Wednesday, September 30, 2009

Who wants a job?

In my last blog post, I announced that it is time to Abandon Ship.

This did not mean that we should flee the industry, it meant that we need to abandon what we have done in the past and move forward in a new direction.

The design/ad freelance world as we knew it has changed. It is no longer about designing a logo and a fancy business card or producing an ad for your client. It is about offering them the best solution for their business, whatever it may be. A direct mail piece combined with social media or an outdoor billboard with a mobile promotional code, the freelance creative moving forward, needs to think and produce on a much larger scale. The way companies attract clients in the technological world of today has quickly changed.

With this in mind, I am no longer labeling myself as just a creative “freelancer”. I am a creative “brand builder”. In today’s world, if you want to work small and on your own, you need to get over the idea that you alone can offer your client everything they need to grow their business, and you sometimes need to outsource.

Growing up, I watched the older generation (in my life) do multi-million dollar deals on the golf course. They were strictly middle-men. They brought this guy together with that guy and got a piece of the action. I believe that in order to continue working as a freelance creative, we have to follow this route.

If my client needs SEO (Search Engine Optimization), I know somebody who I can bring on board to provide this service. If they need a TV or Radio commercial, I have people in place for that too. And I’m going to make sure that every one of these contacts will give me a piece of the pie for making the connection and bringing them the business.

Going forward, I will continue to do what I love best. Designing logos and creating ads, but I offer my clients more than that. This is what separates me from many “professional” creatives out there. When I am hired, I offer my clients consultation on what they should do (moving forward) to grow their brand. They hire me for my knowledge of the industry and the solutions that are available to them.

Using the same principle I have just described, I have a job offer for anybody that is interested.

Do whatever you like to do every day. Look for a job, paint your house, or spend more time with your kids. I’m offering each and every one out there a chance to make some money. And the best part, you don’t have to do much.

Bring me a client that wants to creatively brand their business and I will give you 15% of whatever profit I bring in. They need a logo? 15%. They need a magazine print ad? 15%. The bigger the project, the more money you will make.

Now here’s the best part…you make the connection, go off and do whatever you want (or even better, go find the next client), and if that client continues to use my creative services, I will continue paying you 15% of all future profit. Find me 3 large clients that are tired of paying over-inflated agency fees, and you may not even have to work this year. I have a rolodex full of freelance professionals in different areas of the industry that can be brought in (as needed) and the sky is the limit as to what we can offer.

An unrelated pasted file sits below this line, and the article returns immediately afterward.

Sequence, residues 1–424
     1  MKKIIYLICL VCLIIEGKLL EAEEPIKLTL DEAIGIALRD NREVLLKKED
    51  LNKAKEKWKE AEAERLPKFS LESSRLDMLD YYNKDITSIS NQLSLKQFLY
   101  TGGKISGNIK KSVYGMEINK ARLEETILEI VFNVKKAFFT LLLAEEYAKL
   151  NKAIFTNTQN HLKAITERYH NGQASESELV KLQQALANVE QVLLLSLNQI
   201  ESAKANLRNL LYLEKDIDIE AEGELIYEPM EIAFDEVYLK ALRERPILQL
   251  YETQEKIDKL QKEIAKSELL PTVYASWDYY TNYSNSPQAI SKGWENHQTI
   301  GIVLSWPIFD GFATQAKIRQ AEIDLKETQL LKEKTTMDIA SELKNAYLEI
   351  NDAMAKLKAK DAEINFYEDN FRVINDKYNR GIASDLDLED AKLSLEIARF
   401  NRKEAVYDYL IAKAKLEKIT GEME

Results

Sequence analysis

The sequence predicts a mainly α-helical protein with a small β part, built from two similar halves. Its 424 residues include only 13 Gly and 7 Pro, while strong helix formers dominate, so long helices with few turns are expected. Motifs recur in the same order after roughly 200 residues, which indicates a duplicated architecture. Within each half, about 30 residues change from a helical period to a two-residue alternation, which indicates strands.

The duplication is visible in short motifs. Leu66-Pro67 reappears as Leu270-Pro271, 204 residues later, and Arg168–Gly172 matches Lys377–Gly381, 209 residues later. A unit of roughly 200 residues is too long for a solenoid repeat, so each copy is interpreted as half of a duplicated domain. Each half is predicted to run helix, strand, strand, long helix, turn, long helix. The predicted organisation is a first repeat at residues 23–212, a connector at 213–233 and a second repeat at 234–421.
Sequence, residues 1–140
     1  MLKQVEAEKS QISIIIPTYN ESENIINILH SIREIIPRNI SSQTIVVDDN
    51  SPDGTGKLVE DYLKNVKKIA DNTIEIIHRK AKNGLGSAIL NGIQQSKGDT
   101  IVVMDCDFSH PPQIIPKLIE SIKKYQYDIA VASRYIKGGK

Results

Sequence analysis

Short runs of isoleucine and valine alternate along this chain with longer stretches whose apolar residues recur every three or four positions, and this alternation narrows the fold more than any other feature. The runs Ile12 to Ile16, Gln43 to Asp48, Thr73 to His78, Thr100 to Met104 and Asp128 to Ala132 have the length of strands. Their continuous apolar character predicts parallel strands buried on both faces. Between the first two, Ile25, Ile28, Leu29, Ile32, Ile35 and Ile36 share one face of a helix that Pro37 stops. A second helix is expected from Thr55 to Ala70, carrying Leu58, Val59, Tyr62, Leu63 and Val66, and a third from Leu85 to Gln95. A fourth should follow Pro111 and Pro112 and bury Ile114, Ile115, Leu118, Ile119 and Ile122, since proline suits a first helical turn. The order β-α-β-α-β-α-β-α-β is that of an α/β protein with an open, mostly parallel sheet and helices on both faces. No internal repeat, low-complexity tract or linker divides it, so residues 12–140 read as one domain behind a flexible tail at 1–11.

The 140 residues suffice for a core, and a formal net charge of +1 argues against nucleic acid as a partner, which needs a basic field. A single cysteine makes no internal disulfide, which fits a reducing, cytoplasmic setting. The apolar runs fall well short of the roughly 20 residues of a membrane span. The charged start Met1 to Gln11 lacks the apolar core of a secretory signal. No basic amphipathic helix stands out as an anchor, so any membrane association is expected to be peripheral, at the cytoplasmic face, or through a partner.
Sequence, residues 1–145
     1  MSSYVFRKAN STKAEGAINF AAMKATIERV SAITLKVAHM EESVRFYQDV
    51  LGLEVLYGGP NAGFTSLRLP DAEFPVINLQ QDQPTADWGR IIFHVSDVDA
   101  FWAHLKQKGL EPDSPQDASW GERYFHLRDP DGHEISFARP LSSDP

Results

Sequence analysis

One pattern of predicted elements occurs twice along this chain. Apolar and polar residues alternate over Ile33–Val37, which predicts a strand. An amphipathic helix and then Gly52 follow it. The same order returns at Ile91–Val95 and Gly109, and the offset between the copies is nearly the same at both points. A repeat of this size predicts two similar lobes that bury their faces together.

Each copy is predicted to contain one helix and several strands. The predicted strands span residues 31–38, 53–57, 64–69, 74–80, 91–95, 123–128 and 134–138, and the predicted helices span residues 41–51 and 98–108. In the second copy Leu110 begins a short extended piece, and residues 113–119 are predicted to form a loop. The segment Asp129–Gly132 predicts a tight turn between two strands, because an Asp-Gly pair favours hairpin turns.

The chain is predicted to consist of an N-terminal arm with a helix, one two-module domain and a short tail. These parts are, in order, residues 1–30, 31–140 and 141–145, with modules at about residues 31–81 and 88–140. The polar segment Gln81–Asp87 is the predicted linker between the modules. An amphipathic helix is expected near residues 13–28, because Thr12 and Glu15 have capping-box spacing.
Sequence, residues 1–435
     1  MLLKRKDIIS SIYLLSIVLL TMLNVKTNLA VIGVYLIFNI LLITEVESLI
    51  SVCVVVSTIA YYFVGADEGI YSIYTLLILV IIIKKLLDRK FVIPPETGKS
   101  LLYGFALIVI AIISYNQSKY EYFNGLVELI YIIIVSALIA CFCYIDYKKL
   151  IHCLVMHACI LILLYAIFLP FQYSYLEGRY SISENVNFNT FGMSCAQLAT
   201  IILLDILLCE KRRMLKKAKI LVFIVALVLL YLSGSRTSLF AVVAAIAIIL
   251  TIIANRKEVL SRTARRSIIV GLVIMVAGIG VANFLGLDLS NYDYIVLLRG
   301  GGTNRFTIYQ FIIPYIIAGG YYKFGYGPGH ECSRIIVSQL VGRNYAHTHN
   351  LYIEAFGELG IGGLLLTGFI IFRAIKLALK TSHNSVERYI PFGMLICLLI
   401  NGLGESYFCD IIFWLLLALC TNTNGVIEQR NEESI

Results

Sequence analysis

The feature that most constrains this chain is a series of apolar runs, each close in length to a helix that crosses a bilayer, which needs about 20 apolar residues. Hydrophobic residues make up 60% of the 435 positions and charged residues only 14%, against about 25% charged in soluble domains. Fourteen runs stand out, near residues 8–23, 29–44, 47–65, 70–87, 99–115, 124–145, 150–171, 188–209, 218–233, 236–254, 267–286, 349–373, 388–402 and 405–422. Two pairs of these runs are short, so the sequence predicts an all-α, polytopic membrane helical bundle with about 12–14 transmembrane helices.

I am offering you the position of a commission-based “virtual account executive”.

And everybody and their grandmother can do this job.

Go to a cocktail party and find out that the person you just met needs a new identity for their start-up company?


Go on vacation and find out that the resort changed owners and is looking to advertise?


My strategy is this. Why be a creative person who’s always busy looking for the next project when I can focus on working creatively and have thousands of people out there looking for my next project?

While you are out there looking, I’ll be doing the same. Sending clients that I can’t service on my own to others with which I have partnerships.

Everybody in the circle moving together as one large machine.

This is the future of freelancing.

Brand building.

Who’s on board?

Friday, September 25, 2009

Abandon Ship

Come gather 'round people
Wherever you roam
And admit that the waters
Around you have grown
And accept it that soon
You'll be drenched to the bone.
If your time to you
Is worth savin'
Then you better start swimmin'
Or you'll sink like a stone
For the times they are a-changin'.

- Bob Dylan

It has been a whirlwind of a week.
My blog post about the changing of the design industry "we have become cheap whores" has racked up the hits. Never could I have imagined this outcome when I wrote it.

I’d like to thank ISTOCK for their amazing timing this week. They almost single-handedly proved my entire point.

All the comments, forwarding of the article, tweets, and emails have been much appreciated.
So now what? As the song lyrics above say, it’s time to sink or swim.

With anything you need a game plan. You have to lay out the next course of action.
So I’ve begun doing so. Yesterday I met with an old friend of mine. We used to be DJs together way back when music was new and not “Old School” (as it is called today).